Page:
AO: No, although it might seem as though our research shows that some sort of misdiagnosis occurred, that’s not what’s happening. Some of the patients we’ve worked with appear to be entirely vegetative. They are completely locked into their bodies. We haven’t shown that not to be true — even after the patient has shown they are able to communicate via the brain scans or EEG, they remain locked into their bodies. So the doctor’s original diagnosis is as correct as it can be — we are simply able to produce new information that allows us to see abilities where no one could before.

And we can’t say with 100 percent certainty that the other 80 percent of patients we see are totally unconscious — it could be that they are unable to control that part of the brain relating to movement but can absorb information. Or it could be that the patient is deaf. How would we know that? There are so many reasons why a patient might fail our test that have nothing to do with whether they’re conscious or not. That’s why we don’t draw negative conclusions. We can only work with the information we’ve got, obviously, but that’s why with some patients it really isn’t a case of misdiagnosis, merely diagnosis based on the information you have.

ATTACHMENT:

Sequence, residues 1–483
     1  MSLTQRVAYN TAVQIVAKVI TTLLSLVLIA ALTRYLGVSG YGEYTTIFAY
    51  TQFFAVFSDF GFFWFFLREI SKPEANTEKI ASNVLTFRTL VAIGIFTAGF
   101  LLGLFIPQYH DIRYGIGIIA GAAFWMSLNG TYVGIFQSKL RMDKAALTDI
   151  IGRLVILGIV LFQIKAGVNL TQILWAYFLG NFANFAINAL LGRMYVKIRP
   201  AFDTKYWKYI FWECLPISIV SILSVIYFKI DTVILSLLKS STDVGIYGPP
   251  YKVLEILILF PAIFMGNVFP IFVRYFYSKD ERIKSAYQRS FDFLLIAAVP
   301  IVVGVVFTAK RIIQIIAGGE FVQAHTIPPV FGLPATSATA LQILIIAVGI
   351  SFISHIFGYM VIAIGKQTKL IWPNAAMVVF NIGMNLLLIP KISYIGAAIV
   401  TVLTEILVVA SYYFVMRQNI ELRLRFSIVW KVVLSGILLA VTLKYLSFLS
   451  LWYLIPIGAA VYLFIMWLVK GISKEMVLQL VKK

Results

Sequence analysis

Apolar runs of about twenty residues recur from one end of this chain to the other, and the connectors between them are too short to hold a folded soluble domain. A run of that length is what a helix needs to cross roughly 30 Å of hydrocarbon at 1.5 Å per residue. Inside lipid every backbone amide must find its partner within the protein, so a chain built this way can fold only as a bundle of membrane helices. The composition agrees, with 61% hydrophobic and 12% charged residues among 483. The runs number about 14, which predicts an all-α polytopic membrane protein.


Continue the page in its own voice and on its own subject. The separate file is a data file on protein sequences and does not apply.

BW: How soon will doctors be able to use this in hospitals nationwide or worldwide?

AO: One of the important things for us is to try and develop more simple ways to do this. MRI is very expensive. You have to bring a patient to the scanner, which means potentially transporting them over a long distance. EEG, however, is portable, so [it] can be taken to the patient. But it’s not a standard EEG — ours costs around $111,000, and it requires someone who’s got several years of experience to work on it. We’d like to do more research to develop a way that it can be used routinely, to be available to more people.

It’s a terribly exciting time. We’re getting closer to being able to make these tools widely clinically available, but it would also be wonderful to develop an apparatus people could take home to communicate with their loved ones. That’s what we’re working towards.

(Editor’s note: This article from a past issue of Brain World magazineIf you enjoy this article, consider a print or digital subscription!)